As PriceWaterhouseCoopers said in a 2019 report, “The ‘how’ is the sticking point with emerging technology”. AI algorithms aren’t sophisticated enough to handle unpredictable queries or complex problems, let alone calm a not-necessarily rational client driven hysterical with frustration. They’re not witty, pithy or intuitive enough to manage social media accounts. And the empathy that’s fundamental to excellent customer service can’t be coded. Or at least not yet.
The safest and most cost-effective use of AI currently is to handle automated, low-level requests using algorithms to:
It can also cover minor tasks such as tracking the status of orders, handling address changes generating customer comparisons to improve service.
These little advances can have a big impact, freeing customer service agents from menial tasks so they can offer more in-depth, one-on-one support. A Gartner study of more than 8,000 customer experiences showed that only 9% could fully resolve their issues via self-service channels alone — even when they were happy to use all those options first.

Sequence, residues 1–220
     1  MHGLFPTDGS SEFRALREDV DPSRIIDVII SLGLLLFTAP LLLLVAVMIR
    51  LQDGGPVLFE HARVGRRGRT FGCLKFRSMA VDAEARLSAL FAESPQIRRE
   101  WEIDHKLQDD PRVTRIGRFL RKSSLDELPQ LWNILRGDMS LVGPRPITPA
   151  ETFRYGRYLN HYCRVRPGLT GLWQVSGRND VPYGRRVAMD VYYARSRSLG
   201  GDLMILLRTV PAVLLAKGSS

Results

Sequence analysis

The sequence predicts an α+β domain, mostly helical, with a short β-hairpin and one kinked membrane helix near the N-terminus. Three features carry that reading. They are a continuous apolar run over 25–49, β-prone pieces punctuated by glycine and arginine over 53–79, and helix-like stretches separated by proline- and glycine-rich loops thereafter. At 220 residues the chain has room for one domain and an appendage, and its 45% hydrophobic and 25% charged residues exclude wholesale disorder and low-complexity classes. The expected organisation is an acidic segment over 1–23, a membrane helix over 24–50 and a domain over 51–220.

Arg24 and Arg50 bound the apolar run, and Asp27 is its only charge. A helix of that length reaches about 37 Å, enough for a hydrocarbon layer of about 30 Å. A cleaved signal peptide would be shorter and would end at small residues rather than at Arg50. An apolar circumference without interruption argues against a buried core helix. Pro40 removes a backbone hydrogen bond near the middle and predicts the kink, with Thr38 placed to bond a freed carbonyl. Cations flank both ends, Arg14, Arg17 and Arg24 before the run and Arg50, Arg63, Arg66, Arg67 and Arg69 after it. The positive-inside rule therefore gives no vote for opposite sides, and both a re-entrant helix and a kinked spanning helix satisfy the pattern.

Of course, having exhausted the many other resources available, customers require a high level of service when they get to speak to real people. That means the customer service staff must be polished, well-trained professionals. And in most Western countries, finding and retaining people with such skills can be expensive.
While the shift in people’s preferences for customer service contact is partly due to the ageing of the millennial generation, expectations are rising across the board. Cascading phone menus with recorded options are just as off-putting to over 50s as they are to under 30s.